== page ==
That’s not to say that random compositions cannot be stunning. However, you might want to do a bit of planning for your first shots with double exposure photography. First of all, make your job easier by taking side portraits against the light. Darker subjects on brighter backgrounds are the best for the kind of double exposure we’re looking to create.

Second of all, go as crazy as you want when it comes to the kind of pictures you will blend together. Some of the most impressive creations come from combining portraits with urban or nature textures. However, the rule of thumb with double exposure photography is to experiment as much as you can.

Artist: Dylan and Sara,
Artists: Dylan and Sara

How to Create Stunning Double Exposure Photography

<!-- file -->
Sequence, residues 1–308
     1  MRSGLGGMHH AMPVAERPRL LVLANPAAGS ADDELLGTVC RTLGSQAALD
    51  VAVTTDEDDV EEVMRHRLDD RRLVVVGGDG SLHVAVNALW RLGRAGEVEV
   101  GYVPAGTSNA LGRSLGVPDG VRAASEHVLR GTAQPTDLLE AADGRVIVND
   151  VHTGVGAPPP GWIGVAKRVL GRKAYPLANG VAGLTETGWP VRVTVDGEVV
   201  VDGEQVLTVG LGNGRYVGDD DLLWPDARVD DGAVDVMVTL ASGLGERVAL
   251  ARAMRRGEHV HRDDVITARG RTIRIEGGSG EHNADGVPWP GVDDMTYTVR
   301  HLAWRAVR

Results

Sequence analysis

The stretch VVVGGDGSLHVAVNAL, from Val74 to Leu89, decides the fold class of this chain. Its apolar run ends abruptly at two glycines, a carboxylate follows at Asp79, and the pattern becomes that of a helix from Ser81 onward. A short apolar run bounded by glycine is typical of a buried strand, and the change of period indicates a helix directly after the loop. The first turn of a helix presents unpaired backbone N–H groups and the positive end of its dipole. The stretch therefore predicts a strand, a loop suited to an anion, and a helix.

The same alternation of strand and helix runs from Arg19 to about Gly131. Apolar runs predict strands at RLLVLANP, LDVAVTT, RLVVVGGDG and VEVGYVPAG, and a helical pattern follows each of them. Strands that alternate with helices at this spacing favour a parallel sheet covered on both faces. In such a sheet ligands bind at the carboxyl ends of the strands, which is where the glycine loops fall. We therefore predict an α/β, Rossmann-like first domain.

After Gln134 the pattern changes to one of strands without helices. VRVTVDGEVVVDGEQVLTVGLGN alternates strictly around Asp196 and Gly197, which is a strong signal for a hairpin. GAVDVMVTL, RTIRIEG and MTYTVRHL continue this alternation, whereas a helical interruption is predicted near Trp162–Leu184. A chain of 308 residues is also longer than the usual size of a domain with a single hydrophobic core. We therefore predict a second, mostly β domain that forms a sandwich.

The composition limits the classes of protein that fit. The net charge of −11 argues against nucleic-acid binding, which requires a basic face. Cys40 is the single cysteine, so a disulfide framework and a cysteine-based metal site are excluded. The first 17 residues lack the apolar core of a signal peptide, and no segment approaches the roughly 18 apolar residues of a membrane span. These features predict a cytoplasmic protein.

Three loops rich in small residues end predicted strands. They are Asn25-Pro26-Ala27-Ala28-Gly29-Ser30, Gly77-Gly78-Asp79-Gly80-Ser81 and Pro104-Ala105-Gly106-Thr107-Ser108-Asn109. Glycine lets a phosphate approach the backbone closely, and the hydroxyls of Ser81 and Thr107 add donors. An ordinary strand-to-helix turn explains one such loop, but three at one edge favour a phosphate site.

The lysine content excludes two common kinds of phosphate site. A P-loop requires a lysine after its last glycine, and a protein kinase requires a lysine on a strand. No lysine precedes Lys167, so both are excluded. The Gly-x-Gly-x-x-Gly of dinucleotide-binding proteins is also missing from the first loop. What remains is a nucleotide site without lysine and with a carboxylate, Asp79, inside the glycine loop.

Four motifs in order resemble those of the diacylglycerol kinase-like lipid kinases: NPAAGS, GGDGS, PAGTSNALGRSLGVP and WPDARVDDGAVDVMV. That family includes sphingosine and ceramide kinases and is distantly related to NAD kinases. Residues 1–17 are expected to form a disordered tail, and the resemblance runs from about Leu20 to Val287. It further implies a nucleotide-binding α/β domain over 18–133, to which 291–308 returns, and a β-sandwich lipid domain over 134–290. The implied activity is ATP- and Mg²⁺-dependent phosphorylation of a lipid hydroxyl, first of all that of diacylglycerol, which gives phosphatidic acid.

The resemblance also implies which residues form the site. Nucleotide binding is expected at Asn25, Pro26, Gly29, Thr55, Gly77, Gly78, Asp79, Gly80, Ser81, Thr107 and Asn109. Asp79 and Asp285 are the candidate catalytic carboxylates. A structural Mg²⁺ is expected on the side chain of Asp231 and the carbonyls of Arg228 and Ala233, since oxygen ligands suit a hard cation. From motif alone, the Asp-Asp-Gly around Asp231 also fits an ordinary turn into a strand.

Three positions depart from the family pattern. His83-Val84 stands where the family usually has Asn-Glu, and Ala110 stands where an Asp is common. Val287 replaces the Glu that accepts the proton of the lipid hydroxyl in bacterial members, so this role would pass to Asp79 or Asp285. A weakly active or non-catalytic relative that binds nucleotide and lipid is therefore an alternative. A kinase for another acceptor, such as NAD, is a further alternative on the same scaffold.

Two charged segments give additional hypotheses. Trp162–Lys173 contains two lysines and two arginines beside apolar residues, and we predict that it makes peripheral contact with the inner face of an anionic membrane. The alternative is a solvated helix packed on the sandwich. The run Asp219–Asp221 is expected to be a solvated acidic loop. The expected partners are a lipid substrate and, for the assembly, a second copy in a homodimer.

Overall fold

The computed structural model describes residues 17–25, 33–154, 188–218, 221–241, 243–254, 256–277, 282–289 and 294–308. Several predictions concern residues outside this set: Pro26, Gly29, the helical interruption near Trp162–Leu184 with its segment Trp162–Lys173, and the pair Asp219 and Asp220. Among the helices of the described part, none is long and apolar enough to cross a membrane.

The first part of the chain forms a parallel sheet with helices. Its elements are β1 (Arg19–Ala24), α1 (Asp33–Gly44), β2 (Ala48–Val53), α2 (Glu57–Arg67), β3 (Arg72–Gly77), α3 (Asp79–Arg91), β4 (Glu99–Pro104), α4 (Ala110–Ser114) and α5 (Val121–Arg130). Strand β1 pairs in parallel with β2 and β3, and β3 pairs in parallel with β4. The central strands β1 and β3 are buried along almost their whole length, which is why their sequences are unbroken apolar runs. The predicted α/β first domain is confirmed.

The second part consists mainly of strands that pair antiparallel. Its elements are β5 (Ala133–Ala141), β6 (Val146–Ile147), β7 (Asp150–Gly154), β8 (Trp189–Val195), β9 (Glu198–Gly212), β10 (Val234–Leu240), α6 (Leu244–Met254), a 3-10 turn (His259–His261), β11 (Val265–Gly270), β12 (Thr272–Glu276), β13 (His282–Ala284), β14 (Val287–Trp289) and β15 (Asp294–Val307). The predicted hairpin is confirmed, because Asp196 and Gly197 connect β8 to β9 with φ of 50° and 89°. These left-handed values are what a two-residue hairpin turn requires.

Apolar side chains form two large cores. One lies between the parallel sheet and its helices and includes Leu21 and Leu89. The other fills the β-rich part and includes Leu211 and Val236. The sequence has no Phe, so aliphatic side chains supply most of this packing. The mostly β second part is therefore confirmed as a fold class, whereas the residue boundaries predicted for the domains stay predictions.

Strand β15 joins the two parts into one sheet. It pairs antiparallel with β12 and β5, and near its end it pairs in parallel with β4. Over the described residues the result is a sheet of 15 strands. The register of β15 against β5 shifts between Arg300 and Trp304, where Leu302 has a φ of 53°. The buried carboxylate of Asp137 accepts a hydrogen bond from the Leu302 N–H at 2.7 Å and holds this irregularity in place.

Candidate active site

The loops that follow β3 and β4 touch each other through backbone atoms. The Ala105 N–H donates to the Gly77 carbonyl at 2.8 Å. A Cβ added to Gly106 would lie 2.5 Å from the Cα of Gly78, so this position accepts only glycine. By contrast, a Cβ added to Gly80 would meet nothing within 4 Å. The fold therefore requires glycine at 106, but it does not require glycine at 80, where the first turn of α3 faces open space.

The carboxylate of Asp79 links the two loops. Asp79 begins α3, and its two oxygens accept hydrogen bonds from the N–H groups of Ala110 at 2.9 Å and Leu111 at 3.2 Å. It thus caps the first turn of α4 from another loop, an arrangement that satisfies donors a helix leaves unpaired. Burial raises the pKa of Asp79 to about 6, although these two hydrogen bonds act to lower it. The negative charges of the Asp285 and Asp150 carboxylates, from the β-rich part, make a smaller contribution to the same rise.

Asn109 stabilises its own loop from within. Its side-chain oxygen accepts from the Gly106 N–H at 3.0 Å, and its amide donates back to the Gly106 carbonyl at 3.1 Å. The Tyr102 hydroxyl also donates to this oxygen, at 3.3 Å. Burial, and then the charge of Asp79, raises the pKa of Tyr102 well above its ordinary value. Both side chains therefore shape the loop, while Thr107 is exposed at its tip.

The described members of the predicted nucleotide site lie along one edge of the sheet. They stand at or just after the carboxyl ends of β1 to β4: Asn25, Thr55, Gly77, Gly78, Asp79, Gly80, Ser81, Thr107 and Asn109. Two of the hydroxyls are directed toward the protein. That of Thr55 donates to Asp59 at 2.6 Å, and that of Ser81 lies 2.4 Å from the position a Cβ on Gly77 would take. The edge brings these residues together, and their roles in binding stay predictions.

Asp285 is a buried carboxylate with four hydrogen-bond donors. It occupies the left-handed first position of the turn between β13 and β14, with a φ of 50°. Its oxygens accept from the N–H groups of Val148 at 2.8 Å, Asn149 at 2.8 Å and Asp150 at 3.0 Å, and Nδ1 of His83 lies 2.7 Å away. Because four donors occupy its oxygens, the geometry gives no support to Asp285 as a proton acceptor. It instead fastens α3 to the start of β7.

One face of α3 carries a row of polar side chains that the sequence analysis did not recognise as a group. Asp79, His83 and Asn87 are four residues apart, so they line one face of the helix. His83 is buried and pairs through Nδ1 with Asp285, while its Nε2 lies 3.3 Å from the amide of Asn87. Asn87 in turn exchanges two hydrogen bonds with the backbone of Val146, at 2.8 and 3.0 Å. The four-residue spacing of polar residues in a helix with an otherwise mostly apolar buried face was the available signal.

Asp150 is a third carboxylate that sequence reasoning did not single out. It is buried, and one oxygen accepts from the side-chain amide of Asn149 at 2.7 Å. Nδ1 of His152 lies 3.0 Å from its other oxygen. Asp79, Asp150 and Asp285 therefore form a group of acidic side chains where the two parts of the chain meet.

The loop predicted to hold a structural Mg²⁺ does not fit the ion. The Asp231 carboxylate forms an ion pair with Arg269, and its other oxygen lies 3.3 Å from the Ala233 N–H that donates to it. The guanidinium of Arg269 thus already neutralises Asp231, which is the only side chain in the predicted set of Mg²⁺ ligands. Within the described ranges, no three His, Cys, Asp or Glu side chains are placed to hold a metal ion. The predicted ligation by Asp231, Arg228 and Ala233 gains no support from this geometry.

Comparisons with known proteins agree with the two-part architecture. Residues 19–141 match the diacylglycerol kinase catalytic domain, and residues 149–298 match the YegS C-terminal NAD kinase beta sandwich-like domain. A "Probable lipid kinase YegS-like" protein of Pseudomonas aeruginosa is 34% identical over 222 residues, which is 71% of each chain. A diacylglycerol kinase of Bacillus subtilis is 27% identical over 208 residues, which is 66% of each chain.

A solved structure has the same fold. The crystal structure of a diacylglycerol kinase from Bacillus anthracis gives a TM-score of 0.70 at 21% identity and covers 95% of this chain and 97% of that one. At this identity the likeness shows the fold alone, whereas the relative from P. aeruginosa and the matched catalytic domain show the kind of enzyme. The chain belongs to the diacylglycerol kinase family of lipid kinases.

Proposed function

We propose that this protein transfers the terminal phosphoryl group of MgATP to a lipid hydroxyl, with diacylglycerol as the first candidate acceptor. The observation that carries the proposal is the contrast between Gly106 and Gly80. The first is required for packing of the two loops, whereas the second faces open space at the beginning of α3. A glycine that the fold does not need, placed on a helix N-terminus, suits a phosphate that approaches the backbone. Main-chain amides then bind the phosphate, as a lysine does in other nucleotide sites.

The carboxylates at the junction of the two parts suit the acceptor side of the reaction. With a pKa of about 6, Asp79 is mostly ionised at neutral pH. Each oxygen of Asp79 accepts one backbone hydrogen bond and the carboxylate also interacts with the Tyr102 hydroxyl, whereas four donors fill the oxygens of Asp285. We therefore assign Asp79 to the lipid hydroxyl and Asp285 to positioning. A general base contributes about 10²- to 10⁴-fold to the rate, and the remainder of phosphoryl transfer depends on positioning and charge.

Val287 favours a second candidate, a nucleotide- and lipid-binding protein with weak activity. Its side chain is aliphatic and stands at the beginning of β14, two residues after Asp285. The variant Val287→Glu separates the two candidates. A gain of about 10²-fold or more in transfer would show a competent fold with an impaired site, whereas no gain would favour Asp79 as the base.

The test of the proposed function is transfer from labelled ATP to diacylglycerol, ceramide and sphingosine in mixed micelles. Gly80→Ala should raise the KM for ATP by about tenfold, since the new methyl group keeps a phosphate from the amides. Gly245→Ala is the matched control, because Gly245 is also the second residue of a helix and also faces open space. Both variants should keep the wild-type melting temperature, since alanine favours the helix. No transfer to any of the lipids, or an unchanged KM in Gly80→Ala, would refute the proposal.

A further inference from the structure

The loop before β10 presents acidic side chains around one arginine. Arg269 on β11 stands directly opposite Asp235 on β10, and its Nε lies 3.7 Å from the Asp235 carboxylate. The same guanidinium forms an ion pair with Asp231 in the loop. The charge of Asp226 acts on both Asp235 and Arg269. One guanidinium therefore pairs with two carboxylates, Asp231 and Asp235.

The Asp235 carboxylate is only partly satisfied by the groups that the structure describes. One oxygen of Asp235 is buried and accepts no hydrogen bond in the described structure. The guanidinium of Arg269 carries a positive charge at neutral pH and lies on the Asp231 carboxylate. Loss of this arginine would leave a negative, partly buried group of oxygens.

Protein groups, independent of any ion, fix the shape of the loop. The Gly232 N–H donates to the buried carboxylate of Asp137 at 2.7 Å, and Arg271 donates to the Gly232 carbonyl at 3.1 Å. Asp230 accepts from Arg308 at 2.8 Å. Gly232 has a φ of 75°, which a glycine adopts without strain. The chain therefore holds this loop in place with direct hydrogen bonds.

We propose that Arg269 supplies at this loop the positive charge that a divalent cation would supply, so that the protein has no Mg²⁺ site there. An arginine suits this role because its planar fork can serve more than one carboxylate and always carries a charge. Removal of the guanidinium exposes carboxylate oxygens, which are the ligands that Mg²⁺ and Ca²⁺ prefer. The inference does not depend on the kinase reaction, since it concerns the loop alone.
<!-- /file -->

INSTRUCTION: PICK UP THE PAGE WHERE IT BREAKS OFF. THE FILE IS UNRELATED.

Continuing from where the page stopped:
The process depends a lot on the kind of camera you’re using. Also, you can manipulate the images in a photo editing software, such as Photoshop (more on this below).

Double Exposure Film Photography

When it comes to film, double exposure means you snap two pictures that overlay on the same film frame. This is how you do it.

You need the first frame – which will represent the outline of the final image – to be shot as a silhouette. In other words, use a white wall or the sunlight to get the subject to be as dark as you want, keeping in mind that the darker it is, the more details of the second frame will appear.

For the second frame, look for something with a lot of texture. For double exposure wedding photography, flowers make for a great second shot. However, you can also shoot trees, ocean, palm trees, or urban landscapes. Honestly, your creativity is the limit here.

Best film cameras to create double exposure photography with: Nikon F3, Canon EOS 5D, Canon A-1. Most 35 mm film cameras will also work.

Check out Wendy Laurel's art with double exposure on film
Check out Wendy Laurel‘s art with double exposure on film